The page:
It is a four hour round trip along an historic stretch of canal, originally opened in 1796.
The barge has a capacity of 4 adults and 2 children. For two nights based on two people sharing the package is priced at €300.
'Scéal Eile', a 50 x 10 foot (15 x 3.1 m) barge was built in 2006 to a high specification according to its owners. They say the barge has a warm inviting interior and a comfortable living space that makes this self-catering barge an environment for a holiday break.
It contains a multi-fuel stove with a back boiler which makes a stay on the barge during winter a cosy experience.
More on www.dublinbargehire.com
The new facility - developed by Inland Fisheries Ireland (IFI) in co-operation with Interreg IVA (CIRB), the Irish Angling Development Alliance (IADA) and the local Meathhill Angling Club - will facilitate the disinfection of angling equipment on entry to the lake, helping to ensure that unwanted alien invasive species and harmful fish pathogens can be kept out of our natural fisheries.
Moreover, the development will also provide a template for further such facilities on fishery watercourses throughout the country.
The disinfection station is located at the entrance to Ballyhoe Lake, a prime Irish specimen tench fishery.
The entrance gate and the disinfection station are secured with combination locks, the numbers for which are available through nominated members of the Meathhill Angling Club (contact numbers for these members are provided on the tank). Members of the club will replace the disinfectant and manage the facility locally, as necessary.
Once opened, the tank contains a disinfection container for boots, keep nets, landing nets and stink bags. Disposable gloves are provided for angler use while disinfecting, and a brush is available to scrub boots, as well as a spray bottle for boats coming onto the lake.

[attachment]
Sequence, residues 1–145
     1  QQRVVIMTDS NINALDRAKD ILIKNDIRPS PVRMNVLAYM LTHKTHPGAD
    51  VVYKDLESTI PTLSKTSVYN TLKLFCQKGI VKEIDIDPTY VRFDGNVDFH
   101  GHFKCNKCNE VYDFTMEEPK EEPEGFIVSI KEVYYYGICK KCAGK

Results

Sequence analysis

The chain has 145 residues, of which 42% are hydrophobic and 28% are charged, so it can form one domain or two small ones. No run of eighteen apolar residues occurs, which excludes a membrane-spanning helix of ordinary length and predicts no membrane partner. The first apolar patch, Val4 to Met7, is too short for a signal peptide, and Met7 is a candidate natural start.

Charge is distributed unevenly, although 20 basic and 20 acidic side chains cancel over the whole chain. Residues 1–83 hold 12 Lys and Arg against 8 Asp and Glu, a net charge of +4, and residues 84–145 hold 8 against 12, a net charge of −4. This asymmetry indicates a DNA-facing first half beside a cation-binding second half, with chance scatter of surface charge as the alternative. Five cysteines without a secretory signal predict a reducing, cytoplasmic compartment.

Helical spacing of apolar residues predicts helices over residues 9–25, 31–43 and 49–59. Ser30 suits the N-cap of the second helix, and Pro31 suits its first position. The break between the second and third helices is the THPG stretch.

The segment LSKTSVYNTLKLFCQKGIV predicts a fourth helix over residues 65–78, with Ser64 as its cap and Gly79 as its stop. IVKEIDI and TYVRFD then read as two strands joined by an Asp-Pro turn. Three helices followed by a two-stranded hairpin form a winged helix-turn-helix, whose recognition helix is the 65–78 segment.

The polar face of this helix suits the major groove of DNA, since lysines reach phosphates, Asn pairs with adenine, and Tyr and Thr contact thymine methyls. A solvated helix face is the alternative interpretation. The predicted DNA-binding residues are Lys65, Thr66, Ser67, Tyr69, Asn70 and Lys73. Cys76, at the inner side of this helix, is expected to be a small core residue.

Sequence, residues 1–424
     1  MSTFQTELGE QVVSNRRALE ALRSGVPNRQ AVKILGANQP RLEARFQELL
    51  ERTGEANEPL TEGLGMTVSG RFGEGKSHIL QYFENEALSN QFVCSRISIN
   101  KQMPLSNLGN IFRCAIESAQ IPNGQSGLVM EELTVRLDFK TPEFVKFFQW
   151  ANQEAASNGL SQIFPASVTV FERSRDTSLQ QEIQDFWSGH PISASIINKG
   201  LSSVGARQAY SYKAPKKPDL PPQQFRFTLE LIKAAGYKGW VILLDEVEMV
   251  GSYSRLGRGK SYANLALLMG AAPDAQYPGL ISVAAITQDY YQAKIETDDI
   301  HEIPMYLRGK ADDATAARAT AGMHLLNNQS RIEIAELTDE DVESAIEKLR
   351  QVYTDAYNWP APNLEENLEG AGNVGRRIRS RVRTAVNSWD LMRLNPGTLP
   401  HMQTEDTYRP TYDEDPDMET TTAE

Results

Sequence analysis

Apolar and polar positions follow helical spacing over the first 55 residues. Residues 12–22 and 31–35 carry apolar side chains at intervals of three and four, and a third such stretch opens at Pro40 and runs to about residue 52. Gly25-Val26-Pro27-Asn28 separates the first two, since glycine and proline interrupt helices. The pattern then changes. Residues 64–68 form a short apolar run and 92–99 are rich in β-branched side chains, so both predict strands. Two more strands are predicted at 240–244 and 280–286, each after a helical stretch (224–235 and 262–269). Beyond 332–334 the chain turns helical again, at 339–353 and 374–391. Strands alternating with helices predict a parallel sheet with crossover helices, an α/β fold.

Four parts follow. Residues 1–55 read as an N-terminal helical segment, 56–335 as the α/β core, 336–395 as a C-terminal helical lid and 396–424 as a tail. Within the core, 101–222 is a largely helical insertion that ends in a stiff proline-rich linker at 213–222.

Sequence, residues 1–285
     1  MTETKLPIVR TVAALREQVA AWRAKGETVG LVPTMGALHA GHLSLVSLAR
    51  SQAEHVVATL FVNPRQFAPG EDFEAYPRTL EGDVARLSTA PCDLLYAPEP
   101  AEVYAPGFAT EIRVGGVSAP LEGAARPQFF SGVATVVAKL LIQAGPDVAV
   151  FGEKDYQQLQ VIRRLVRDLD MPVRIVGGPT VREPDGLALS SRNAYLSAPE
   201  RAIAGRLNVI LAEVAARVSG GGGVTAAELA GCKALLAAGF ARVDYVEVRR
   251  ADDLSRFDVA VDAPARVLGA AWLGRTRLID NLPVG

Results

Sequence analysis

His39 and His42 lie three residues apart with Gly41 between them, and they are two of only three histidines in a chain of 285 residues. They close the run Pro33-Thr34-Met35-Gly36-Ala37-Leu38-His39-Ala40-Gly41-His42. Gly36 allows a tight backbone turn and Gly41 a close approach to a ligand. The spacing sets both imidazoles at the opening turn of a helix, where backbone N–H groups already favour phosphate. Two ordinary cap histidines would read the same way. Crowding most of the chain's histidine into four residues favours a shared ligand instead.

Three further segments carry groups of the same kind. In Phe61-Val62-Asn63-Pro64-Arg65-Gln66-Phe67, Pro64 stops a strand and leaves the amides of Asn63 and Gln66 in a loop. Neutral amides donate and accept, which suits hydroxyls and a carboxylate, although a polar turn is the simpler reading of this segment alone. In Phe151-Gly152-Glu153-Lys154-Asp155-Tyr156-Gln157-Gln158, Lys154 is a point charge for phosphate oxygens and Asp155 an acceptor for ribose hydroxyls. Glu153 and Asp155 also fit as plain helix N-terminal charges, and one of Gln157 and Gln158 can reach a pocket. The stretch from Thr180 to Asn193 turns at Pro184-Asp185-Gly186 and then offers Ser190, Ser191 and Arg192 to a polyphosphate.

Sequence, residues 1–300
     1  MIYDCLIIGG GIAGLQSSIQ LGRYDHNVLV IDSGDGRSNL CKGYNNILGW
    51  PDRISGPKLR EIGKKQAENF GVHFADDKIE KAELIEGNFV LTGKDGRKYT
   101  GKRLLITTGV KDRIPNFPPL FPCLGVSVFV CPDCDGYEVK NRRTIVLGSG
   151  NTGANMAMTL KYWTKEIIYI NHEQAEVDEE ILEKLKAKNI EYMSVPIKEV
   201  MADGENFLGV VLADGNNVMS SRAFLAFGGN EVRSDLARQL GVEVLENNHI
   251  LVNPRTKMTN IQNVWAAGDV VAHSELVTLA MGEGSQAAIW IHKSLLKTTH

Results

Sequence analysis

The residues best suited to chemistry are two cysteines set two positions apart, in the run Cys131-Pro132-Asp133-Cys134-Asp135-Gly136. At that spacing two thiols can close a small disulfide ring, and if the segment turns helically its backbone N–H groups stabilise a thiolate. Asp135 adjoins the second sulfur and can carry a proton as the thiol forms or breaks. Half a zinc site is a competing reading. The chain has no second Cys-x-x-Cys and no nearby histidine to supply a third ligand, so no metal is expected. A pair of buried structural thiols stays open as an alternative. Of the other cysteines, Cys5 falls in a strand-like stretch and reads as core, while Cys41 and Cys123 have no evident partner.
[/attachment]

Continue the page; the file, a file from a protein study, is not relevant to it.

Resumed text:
Signage adjacent to and underneath the lid of the tank provides step-by-step instructions for the angler. Once the gear has been disinfected, the anglers apply a tag to his or her net to show that the process has been completed. Different colour tags will be utilised at the discretion of the operators.
Congratulating Meathhill Angling Club and the IADA at the launch, Minister O'Dowd said: "Angling clubs and federations the length and breadth of Ireland are key to the protection of our angling resources. By providing facilities such as this, we are adding to the goodwill and community commitment of Meathhill Angling Club to protect their fishery, while also ensuring access to it.
"This access helps to safeguard the sustainability of our valuable resource which will continue to bring much needed revenue to the local community through responsible angling activity."
The minister added that he "can’t emphasise enough the role anglers and clubs have on the frontline in the fight against invasive species, which supplements the great work in the area carried out by IFI with the support of representative bodies such as IADA."
This is the biggest fish ever caught by a youngster out angling with the Dublin Angling Initiative (DAI).
The fishing trip for a group of 10 young anglers was organised for Mulhuddart Foróige Fishing to Lough Ramor by Des Chew of the DAI in March.